So those asking questions of conscience have a correct concern. We all just need to keep pressing into the scripture for the answers rather than the conscience alone.

 


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14 thoughts on “A Quick Word on the Conscience and Christian Witness”

  1. MarieP says:

    Brother, the issue for me is that I don’t see anything in Scripture telling me I need to vote in a particular election or vote for someone who is likely to win. It sounds like you believe our conscience is bound in that area, is that correct?

    1. MarieP says:

      I agree with R. C. Sproul

      “But here is what I’m going to tell you to do when you vote. As a Christian you have obligations opposed upon your conscience that in some sense other people don’t have, although they should have. And the first thing is this: You have to understand what a vote is. The word vote comes from the Latin votum, which means ‘will’ or choice. And when you go to the ballot box and you vote, you are not there to vote for what’s going to benefit you necessarily. Your vote is not a license to impose your selfish desires upon the rest of the country. You only have the right to vote for what is right. And not only do you have the right to vote for what is right, but when you vote you have the duty to vote for what is right.”

      http://www.ligonier.org/blog/principles-for-voting/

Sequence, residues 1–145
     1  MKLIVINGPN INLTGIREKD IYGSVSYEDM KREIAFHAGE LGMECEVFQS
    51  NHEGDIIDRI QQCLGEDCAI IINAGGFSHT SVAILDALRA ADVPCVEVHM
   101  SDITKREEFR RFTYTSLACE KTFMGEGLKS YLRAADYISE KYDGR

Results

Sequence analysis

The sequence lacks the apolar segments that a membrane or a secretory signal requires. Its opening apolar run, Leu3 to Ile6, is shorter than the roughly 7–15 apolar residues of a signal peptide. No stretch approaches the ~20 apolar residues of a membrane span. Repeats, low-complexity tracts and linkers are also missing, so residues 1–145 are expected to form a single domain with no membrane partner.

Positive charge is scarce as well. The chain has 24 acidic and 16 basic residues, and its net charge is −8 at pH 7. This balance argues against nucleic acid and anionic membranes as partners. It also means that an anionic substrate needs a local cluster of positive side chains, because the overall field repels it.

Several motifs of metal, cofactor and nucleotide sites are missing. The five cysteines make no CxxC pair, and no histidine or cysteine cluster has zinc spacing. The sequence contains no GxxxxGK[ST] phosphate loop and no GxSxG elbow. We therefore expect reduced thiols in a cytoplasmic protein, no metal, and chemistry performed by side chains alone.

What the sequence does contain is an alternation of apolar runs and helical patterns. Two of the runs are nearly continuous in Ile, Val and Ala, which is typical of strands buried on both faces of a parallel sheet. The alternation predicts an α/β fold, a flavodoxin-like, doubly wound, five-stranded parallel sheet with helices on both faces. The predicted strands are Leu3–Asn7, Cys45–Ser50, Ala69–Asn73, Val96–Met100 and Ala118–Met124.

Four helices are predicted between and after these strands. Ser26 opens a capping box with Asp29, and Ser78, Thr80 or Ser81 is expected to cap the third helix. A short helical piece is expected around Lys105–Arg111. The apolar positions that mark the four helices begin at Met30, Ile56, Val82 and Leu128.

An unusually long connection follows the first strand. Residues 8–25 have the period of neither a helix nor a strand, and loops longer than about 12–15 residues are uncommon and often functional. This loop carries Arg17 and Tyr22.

1. MarieP says:

        I really appreciate your statement in the previous post that “I’ve argued on principled grounds that I could not vote for anyone in the last couple of presidential elections because I found their moral positions on vital issues unconscionable.” I actually wish I had thought through that more and voted for somebody other than whom I did…

      2. Thabiti Anyabwile says:

        Taking Dr. Sproul’s comment to its logical end, since no candidate is Jesus and all hold some position repugnant to scripture, means no Christian should vote. That, then, binds the conscience in the opposite direction without any biblical warrant. The truth, I think, is in the middle somewhere. If we choose to vote, we should do some so with a fair amount of discernment and care, knowing that not until Christ returns (where there is no voting–hallelujah!) will there be any leader whose “platform” is perfect.
        T

    2. Thabiti Anyabwile says:

      No. That is not correct. I haven’t voted or felt bound to vote in the last several elections. If you were reading this blog four years ago you’d read a lot about not voting. So, I respect and have held the position for some time. I’m simply saying, that for me, this election is different.
      T

  2. Michael says:

    Still sounds to me like you are trying to convince yourself of something you aren’t convinced of yourself. Good luck with that

  3. don sands says:

    Good word for me brother. I needed this. I have been saying to others: “I can not vote for “the Donald” and leave my conscience in the parking lot.” But I need to think a little deeper than this. God put David as His King. Even Solomon. I suppose Hezekiah was the best King; though David is called the “man after God’s own heart.” Thanks again. I shall pray and read the Word, and seek God’s Spirit and truth in this up coming time of voting; and sharing my thoughts with others about voting.

    1. Mary Elizabeth Palshan says:

      Don Sands: Your friends at Pyromaniacs would disagree with you; they would NEVER vote for Hillary. A vote for Hillary is a vote for abortion.